PROJET MI-RIOT 1
Ce projet MI-RIOT est porté par l’INSERM et le CIML
CONTEXT & OBJECTIVES
Single-cell transcriptomic landscape reveals tumour- specific innate lymphoid cells associated with colorectal cancer progression.
This project was done in collaboration with Dr Bing Su’s laboratory in Shanghai Institute of Immunology, Shanghai, China.
Innate lymphoid cells (ILCs) are tissue-resident innate antigen- independent lymphocytes that regulate immunity to pathogens and commensal organisms for tissue homeostasis(1). ILCs are classified into five major groups, natural killer (NK) cells, helper-like ILC1s, ILC2s, ILC3s, and lymphoid tissue-inducer (LTi) cells (1). Given the large amounts and nature of the cytokines they produce, ILC subsets are likely to be involved in cancer immunity but may also contribute to tumor-associated inflammation.
Colorectal cancer (CRC) is the third most prevalent cancer in women and men, and the second most frequent cause of cancer-related deaths worldwide(2), despite remarkable improvements in therapeutic strategies. Dysregulated ILC responses have been linked to the development of intestinal cancers.(3-6)
“Nous sommes particulièrement satisfaits du partenariat avec MSDAVENIR qui permet de lancer des programmes ambitieux d’immunologie fondamentale et d’analyser comment les mécanismes révélés pourraient aussi permettre de proposer des solutions thérapeutiques contre les cancers.“
Eric VIVIER, PU-PH
Directeur du CIML, Coordinateur de Marseille Immunopôle.
Directeur de Recherche à l’Institut de Génétique Humaine, porteur du projet GMarcel BLOT-CHABAUD
We used unsupervised hierarchical clustering to investigate helper-like ILC heterogeneity at steady-state and during CRC in the blood, normal mucosa and gut tumors(7). Compared to normal mucosae, Helper-like ILCs from CRC patients were found to contain two additional subsets: a CRC tissue-specific ILC1-like TIGIT+ subset present in tumors from CRC patients but absent from the blood, and a CRC tissue-specific ILC2 subset, absent from normal mucosae.
The CRC tissue-specific ILC1-like TIGIT+ had a transcriptional profile more closely resembling the ILC1 gene signature than that of any other ILCs. Still, they segregated away from tumor ILC1, suggesting that they differed markedly from ‘conventional’ gut ILC1. Because CRC tissue- specific ILC1-like TIGIT+ cells have high levels of PD1 and TIGIT, they may be further unleashed by anti-PD1 and anti-TIGIT immunotherapies.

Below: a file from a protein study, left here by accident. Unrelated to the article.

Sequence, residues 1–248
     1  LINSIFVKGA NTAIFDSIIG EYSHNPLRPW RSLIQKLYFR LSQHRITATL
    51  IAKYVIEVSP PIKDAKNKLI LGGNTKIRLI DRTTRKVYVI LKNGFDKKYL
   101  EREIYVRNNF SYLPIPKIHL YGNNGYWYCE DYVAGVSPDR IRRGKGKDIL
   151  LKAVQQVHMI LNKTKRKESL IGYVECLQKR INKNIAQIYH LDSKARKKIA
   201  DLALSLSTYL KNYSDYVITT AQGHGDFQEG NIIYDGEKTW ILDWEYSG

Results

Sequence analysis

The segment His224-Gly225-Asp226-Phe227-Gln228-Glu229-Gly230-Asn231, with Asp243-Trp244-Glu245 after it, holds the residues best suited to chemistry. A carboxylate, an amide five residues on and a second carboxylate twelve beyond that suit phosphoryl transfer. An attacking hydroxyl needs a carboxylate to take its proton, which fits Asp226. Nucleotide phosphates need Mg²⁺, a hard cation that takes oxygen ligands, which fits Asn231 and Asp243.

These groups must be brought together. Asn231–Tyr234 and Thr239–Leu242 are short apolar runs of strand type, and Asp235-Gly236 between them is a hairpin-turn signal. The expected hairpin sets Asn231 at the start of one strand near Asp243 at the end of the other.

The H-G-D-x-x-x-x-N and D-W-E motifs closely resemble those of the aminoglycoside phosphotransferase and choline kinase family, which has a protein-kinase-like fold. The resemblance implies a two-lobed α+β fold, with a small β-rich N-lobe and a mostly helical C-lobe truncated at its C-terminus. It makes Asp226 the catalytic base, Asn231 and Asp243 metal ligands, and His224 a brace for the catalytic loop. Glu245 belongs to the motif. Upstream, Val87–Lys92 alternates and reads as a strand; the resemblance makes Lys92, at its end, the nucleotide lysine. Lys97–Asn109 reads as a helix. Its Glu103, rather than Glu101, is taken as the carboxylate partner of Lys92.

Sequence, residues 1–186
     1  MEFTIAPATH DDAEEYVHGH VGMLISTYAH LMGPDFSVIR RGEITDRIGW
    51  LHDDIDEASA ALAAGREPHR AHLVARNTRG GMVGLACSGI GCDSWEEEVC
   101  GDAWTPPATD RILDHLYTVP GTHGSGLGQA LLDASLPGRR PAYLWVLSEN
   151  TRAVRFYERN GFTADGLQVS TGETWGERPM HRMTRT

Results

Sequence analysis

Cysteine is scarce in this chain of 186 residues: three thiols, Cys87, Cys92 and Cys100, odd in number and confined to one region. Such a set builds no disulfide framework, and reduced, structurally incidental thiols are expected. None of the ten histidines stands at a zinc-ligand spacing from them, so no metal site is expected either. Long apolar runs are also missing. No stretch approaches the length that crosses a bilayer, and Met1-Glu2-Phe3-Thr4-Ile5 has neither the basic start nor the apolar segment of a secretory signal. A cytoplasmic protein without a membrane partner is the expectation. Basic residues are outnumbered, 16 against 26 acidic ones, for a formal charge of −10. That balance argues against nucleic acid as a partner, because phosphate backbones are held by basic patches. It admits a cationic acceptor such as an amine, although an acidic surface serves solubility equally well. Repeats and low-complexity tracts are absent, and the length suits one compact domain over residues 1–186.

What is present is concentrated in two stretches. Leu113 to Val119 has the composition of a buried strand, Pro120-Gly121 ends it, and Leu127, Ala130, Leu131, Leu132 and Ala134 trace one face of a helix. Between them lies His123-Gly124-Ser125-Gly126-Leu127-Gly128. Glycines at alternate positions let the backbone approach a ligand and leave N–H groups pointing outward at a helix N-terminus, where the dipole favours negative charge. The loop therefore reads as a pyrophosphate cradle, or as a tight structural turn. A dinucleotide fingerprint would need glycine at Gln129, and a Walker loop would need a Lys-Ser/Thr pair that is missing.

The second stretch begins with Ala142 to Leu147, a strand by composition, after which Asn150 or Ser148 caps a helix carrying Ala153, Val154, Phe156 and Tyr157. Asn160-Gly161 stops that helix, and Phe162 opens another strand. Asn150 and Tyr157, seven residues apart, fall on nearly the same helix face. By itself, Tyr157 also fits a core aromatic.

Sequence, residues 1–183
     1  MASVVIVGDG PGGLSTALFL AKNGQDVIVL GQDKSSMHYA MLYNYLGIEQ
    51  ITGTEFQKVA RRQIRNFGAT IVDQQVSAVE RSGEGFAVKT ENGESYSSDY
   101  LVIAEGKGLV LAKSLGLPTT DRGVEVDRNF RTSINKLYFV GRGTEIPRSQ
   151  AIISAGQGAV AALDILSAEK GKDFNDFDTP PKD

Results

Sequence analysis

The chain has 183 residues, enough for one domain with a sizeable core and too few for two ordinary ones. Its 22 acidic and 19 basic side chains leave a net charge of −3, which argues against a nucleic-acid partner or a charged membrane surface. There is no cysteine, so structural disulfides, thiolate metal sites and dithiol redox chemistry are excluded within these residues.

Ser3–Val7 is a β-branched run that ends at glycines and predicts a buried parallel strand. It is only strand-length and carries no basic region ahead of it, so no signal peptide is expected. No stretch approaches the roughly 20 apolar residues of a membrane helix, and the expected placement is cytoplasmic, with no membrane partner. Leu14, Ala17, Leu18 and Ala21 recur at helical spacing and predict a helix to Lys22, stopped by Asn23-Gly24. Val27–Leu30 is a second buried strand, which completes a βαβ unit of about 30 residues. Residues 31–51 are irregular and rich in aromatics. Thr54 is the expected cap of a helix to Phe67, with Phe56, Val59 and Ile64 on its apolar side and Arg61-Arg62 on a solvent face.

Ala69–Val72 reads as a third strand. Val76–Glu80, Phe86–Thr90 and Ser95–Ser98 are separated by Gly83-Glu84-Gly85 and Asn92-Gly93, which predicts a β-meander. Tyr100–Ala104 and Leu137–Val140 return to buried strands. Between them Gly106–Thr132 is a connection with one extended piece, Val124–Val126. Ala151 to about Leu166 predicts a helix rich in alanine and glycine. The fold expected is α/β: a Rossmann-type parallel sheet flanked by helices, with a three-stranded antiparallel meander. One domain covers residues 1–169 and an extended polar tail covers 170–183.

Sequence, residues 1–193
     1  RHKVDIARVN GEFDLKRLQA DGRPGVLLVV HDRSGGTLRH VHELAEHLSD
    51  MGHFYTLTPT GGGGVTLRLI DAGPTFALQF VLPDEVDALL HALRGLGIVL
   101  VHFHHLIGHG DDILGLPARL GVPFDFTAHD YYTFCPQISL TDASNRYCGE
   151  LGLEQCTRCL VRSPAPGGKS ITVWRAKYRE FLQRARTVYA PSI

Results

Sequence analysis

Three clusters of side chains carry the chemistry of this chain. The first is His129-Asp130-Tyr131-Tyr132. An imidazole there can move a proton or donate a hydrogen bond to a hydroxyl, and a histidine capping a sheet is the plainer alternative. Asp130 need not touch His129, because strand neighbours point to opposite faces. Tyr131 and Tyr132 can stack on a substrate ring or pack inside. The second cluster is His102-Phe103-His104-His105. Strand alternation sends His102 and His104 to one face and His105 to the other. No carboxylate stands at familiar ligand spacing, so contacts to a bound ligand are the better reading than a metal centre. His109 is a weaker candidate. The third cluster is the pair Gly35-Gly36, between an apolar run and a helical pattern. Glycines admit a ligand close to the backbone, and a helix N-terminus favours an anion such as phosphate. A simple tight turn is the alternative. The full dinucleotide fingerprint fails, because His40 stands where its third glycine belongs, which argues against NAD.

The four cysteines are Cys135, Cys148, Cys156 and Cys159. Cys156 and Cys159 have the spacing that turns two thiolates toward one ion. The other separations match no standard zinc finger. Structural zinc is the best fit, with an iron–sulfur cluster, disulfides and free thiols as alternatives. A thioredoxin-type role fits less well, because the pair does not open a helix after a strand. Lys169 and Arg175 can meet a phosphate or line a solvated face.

Several data support a model in which ILC2s infiltrate tumors via an IL-33-dependent pathway(8-10) and mediate tumor immune surveillance by promoting cytolytic CD8+ T-cell responses. IL-33 is overexpressed in colorectal tumors and high levels of IL-33 are frequently observed in low-grade adenocarcinomas and early colorectal tumors(11). We analyzed that the survival rate is higher in the IL-33-high group of colon cancer patients than in IL-33-low patients, suggesting that CRC tissue- specific ILC2 might be indicative of a good prognosis in CRC. However, PD-1 expression on TILC2 from the late stage of CRC may be of bad prognosis.(12)
Finally, we identified SLAMF1, a single-chain type I transmembrane receptor, as the only cell surface marker for which transcript levels were higher in ILCs from tumor and blood of CRC patients.
ILCs expressing SLAMF1 on their surface were also present at higher frequency in tumors and blood from CRC patients than in healthy donors. High levels of SLAMF1 were correlated with better survival of CRC patients.
Our results, therefore, suggested that SLAMF1 might be an anti-tumor biomarker in CRC.
1. E. Vivier et al., Cell 174, 1054-1066 (2018).
2. F. Bray et al., CA Cancer J Clin 68, 394-424 (2018).
3. P. Carrega et al., Gut (2020).
4. A. Fuchs et al., Immunity 38, 769-781 (2013).
5. A. Ikeda et al., Cancer Immunol Res, (2020).
6. Y. Simoni et al., Immunity 46, 148-161 (2017).
7. J. Qi et al., Cell Reports Medicine 2, 100353 (2021).
8. M. F. Chevalier et al., J Clin Invest 127, 2916-2929 (2017). 9. J. A. Moral et al., Nature 579, 130-135 (2020).
10. I. Saranchova et al., Sci Rep 6, 30555 (2016).
11. K. D. Mertz et al., Oncoimmunology 5, e1062966 (2016). 12. S. Wang et al., Cell Res 30, 610-622 (2020).